Pope prays at home while thousands attend Way of the Cross at Colosseum

April 7, 2023 at 11:49 p.m.
Pope prays at home while thousands attend Way of the Cross at Colosseum
Pope prays at home while thousands attend Way of the Cross at Colosseum

By Carol Glatz • Catholic News Service

ROME – Instead of presiding over the nighttime Way of the Cross seated atop a hillside overlooking Rome's Colosseum, Pope Francis followed the service from his Vatican residence, spiritually united in prayer with the 20,000 people gathered outside the ancient amphitheater April 7.

Pope Francis would not be in attendance, the Vatican press office had told reporters several hours before the ceremony, "due to the intense cold these days."

Late evening temperatures had been around 52 degrees Fahrenheit (11 degrees Celsius) and the Pope had been released April 1 from the hospital where he had spent three nights for a respiratory infection. The Pope had a slight cough and rough voice when he recited some of the prayers earlier in the day at the Good Friday Liturgy of the Lord's Passion.

The last time a Pope did not attend the outdoor ceremony was in 2005 when an ailing St. John Paul II was televised praying and watching the live television broadcast of the ceremony from his private chapel. In 2020 and 2021, Pope Francis led the Way of the Cross in St. Peter's Square because of the COVID-19 crowd restrictions.
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Each year, the Pope chooses a different person or group of people to write the series of prayers and reflections that are read aloud for each of the 14 stations, which commemorate Christ's condemnation, his carrying the cross to Golgotha, his crucifixion and his burial.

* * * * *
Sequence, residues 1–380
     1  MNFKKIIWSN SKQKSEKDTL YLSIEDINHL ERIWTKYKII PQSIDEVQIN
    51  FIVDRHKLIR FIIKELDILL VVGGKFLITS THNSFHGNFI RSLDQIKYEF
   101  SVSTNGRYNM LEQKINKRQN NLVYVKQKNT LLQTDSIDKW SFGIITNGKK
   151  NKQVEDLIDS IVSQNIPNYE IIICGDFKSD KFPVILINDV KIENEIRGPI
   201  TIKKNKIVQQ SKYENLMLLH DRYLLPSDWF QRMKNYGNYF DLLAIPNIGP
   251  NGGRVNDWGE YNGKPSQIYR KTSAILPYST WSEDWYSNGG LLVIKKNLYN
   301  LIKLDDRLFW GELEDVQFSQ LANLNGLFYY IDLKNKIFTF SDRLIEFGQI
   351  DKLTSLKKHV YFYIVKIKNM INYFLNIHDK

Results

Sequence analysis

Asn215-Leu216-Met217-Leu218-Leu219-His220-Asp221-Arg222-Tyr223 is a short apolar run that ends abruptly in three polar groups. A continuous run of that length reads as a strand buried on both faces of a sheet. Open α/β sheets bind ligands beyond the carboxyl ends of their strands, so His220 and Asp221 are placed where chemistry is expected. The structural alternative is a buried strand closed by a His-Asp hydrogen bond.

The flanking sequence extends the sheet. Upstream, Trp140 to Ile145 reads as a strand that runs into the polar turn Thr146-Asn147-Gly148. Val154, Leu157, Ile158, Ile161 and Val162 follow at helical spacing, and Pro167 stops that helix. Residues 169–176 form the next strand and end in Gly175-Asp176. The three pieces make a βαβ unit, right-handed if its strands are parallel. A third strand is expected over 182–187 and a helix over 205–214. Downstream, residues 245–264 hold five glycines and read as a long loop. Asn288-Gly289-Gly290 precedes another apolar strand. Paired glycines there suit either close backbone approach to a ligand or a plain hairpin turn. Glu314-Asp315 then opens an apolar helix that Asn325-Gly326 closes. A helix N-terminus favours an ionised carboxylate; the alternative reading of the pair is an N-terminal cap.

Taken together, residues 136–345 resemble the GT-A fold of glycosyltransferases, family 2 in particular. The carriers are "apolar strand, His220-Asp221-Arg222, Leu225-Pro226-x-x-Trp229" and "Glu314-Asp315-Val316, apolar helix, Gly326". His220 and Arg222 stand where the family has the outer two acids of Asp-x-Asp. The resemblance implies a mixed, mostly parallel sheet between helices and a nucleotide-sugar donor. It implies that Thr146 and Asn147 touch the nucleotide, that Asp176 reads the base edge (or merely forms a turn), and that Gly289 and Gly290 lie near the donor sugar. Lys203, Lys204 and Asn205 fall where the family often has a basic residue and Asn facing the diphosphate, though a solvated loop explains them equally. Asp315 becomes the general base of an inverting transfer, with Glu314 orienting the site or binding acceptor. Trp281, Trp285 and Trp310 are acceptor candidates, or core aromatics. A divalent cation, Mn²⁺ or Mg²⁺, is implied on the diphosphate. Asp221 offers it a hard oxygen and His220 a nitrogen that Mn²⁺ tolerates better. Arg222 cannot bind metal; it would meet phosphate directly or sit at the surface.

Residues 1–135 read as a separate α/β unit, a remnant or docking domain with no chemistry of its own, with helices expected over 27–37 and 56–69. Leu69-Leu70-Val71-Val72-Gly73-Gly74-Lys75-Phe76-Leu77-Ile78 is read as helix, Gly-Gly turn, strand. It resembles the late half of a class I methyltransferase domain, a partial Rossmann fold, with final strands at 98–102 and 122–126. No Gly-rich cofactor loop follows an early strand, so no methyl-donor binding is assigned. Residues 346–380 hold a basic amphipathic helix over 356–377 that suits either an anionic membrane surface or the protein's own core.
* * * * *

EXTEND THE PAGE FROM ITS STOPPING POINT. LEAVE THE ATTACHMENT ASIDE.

The theme this year was "Voices of peace in a world at war," and several dicasteries of the Roman Curia formulated the prayers and meditations drawing from what Pope Francis has heard from people suffering from a lack of peace during his apostolic journeys and on other occasions.

The solemn torch-lit service in the Colosseum gave voice to those who have survived extreme violence, war, terrorist attacks, poverty and human trafficking and torture as migrants seeking a safer or better life.

By passing a bare wooden cross from one group of people to the next in succession, those chosen to lead the Way of the Cross were visible representatives of different geographical regions, not the authors of each meditation. A number of those who carried the cross were refugees assisted in Rome by the Jesuit Refugee Service's Centro Astalli.

Two nations – Ukraine and Russia – were mentioned by name during the 10th Station, Jesus is stripped of his clothes.

The meditation speaks of a Ukrainian family fleeing and then returning to their war-ravaged city as the son holds onto his grandmother's faith and hope that "everything will pass, you'll see. And with the help of the good Lord, peace will return."

The young man from Russia wonders why he feels guilty when he and his friends fear war, his older brother has died, no one knows what has happened to his father and grandfather, and his mother and grandmother weep. "Everyone told us we should be proud, but at home there was only much suffering and sadness."

"Purify us, Lord Jesus," from resentment and bitterness, violent words and reactions, attitudes that create division, and seeking to look good by humiliating others, the prayer said.

The Fifth Station, Simon of Cyrene helps Jesus carry his cross, reflected the voices of three migrants, who came from Africa, South Asia and the Middle East. Each one expresses the sadness of being hated, mistreated and disrespected.

Frequently, one's life is reduced to "a check on the boxes of a form. I must choose: foreigner, victim, asylum seeker, refugee, migrant or other. Yet what I want to write is: person, brother, friend, believer, neighbor. Who will be a Cyrenian for me?" the meditation said.